The most loving religions Christianity and Islam show tolerance toward one another

Posted: March 9, 2011 in Africa, Government, Middle East, Religion
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Christianity and Islam have always been known for their loving attributes and views of tolerance of other views. In Egypt since all hell has broken loose, they decided to work together and cooperate. The two religions of love have decided to put the past behind them and work toward a better future mending Egypt back together. NOT! These two religions will never learn. Always wanting to someone else wrong and murdering “non-believers” in the name of their god. Here’s another story. Instead showing the beauty of what religion can be and bring Egypt back from the brink, they’ve decided to show it’s ugliness. God help us all!

Christians and Muslims clash in Cairo, 1 dead


By HADEEL AL-SHALCHI, Associated Press Hadeel Al-shalchi, Associated Press

CAIRO – Thousands of Christians and Muslims clashed Tuesday, with one Christian man killed and scores wounded as anger rose over the burning of a church in a Cairo suburb.

It was the second burst of sectarian fighting in as many days and the latest in a string of violent protests over a variety of topics as simmering unrest continues nearly a month after mass protests led to the ouster of President Hosni Mubarak.

The violence erupted after Coptic Christians held protests in several locations in Cairo against perceived persecution by the country’s Muslim majority.

The Christians have been angered by last week’s burning by a Muslim mob of a church in a Cairo suburb. Egypt’s military rulers have since pledged to rebuild the church and Prime Minister Essam Sharaf met Monday with the protesters outside the TV building. But the protesters said they wanted more steps to improve the status of Christians.

About 2,000 of them cut off a main road running on the eastern side of the city and pelted motorists with rocks. Another crowd of about 1,000 protested outside the TV building in downtown Cairo.

The group which included a group of garbage collectors, who are predominantly Christian, demanded equal rights and better quality of life. The clashes broke out when they were confronted by Muslims, witnesses said.

At least one Christian man was killed and about 100 others wounded in the fighting, according to an Egyptian hospital official, who spoke on condition of anonymity because he wasn’t authorized to release the information.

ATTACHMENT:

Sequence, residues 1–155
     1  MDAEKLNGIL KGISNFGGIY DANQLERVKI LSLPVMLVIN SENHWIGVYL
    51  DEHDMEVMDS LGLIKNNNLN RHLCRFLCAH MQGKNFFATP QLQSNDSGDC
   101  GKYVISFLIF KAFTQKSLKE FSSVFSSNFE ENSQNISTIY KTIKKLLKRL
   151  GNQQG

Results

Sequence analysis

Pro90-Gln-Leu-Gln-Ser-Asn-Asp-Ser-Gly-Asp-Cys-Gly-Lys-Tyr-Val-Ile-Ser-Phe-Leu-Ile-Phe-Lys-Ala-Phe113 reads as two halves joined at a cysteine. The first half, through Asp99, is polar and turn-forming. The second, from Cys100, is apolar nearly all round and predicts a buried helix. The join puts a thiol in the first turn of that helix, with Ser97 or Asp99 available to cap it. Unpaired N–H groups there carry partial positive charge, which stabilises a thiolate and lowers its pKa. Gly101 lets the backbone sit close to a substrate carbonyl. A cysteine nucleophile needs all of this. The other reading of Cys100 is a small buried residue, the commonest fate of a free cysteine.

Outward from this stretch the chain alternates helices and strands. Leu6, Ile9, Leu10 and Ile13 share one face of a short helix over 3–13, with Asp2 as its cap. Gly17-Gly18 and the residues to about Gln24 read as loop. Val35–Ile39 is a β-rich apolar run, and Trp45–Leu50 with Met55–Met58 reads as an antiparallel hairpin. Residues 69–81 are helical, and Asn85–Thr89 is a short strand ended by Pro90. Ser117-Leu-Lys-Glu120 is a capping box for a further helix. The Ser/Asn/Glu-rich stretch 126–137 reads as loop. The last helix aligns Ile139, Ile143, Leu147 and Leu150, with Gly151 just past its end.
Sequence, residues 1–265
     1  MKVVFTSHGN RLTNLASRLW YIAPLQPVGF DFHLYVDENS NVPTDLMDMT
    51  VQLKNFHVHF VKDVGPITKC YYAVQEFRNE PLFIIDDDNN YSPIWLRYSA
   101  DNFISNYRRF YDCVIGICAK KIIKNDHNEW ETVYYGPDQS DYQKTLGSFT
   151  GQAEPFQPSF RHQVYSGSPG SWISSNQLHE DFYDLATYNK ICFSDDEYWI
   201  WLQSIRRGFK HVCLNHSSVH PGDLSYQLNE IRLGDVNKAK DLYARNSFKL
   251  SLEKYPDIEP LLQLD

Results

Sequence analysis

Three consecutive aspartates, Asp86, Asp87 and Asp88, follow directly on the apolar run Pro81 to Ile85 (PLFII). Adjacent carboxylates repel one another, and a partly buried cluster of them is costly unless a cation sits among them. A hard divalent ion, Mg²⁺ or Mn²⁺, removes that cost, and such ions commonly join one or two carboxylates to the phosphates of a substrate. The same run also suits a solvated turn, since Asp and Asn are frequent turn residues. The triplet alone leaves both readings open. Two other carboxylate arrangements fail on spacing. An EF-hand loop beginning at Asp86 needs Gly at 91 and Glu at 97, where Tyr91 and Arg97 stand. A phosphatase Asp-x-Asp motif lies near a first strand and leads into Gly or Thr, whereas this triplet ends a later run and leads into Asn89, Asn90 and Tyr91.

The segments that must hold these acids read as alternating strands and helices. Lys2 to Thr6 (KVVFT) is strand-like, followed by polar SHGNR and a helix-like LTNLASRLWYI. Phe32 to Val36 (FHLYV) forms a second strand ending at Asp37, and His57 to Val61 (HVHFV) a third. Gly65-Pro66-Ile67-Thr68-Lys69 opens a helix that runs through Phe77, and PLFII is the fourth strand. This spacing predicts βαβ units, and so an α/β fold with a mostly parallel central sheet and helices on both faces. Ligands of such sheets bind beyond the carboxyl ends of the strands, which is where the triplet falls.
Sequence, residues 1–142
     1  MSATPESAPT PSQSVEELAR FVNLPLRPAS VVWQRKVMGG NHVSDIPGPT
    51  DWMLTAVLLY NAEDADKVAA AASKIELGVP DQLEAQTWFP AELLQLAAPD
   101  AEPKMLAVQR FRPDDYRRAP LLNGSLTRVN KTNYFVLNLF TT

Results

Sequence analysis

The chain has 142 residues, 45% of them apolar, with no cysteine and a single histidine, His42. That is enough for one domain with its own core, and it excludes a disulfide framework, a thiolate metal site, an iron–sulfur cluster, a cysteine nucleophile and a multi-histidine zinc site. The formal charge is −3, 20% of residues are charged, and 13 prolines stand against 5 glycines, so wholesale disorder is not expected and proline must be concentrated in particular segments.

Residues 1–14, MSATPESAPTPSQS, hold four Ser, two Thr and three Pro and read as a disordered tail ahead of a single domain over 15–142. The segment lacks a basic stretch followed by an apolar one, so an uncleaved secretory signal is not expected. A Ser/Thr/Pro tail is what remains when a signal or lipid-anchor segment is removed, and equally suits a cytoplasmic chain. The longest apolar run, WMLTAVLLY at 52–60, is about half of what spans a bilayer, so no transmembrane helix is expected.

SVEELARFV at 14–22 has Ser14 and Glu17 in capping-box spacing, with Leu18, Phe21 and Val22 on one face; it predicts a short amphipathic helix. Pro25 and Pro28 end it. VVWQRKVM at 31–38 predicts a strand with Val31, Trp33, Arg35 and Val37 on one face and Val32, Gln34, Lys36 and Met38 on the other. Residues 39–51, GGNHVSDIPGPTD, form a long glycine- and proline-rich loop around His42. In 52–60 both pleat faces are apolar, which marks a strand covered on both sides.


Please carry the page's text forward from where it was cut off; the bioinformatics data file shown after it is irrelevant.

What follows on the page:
Elsewhere in Cairo, a protest by hundreds of Egyptian women demanding equal rights and an end to sexual harassment turned violent Tuesday when crowds of men heckled and shoved the demonstrators, telling them to go home where they belong.

Even before Egypt’s uprising unleashed a torrent of discontent, tensions had been growing between Christians and Muslims in the country.

On New Year’s Day, a suicide bombing outside a Coptic church in the port city of Alexandria killed 21 people, setting off days of protests. Barely a week later, an off-duty policeman boarded a train and shot dead a 71-year-old Christian man and wounding his wife and four others.

Also Tuesday, an Egyptian court rejected an appeal by Mubarak and his family against a top prosecutor’s move to seize funds that could total in the billions of dollars. The decision clears the way for a criminal investigation and a possible trial of Egypt’s former leader.

Mubarak, his wife, two sons and their wives have also been banned from travel abroad.

Judicial officials described the court decision to The Associated Press on condition of anonymity because they were not authorized to speak to the media.

During the pro-democracy uprising, unconfirmed reports that Mubarak and his family might have amassed billions, or even tens of billions of dollars, over their three decades in power, fueled protesters already enraged over massive corruption and poverty in Egypt.

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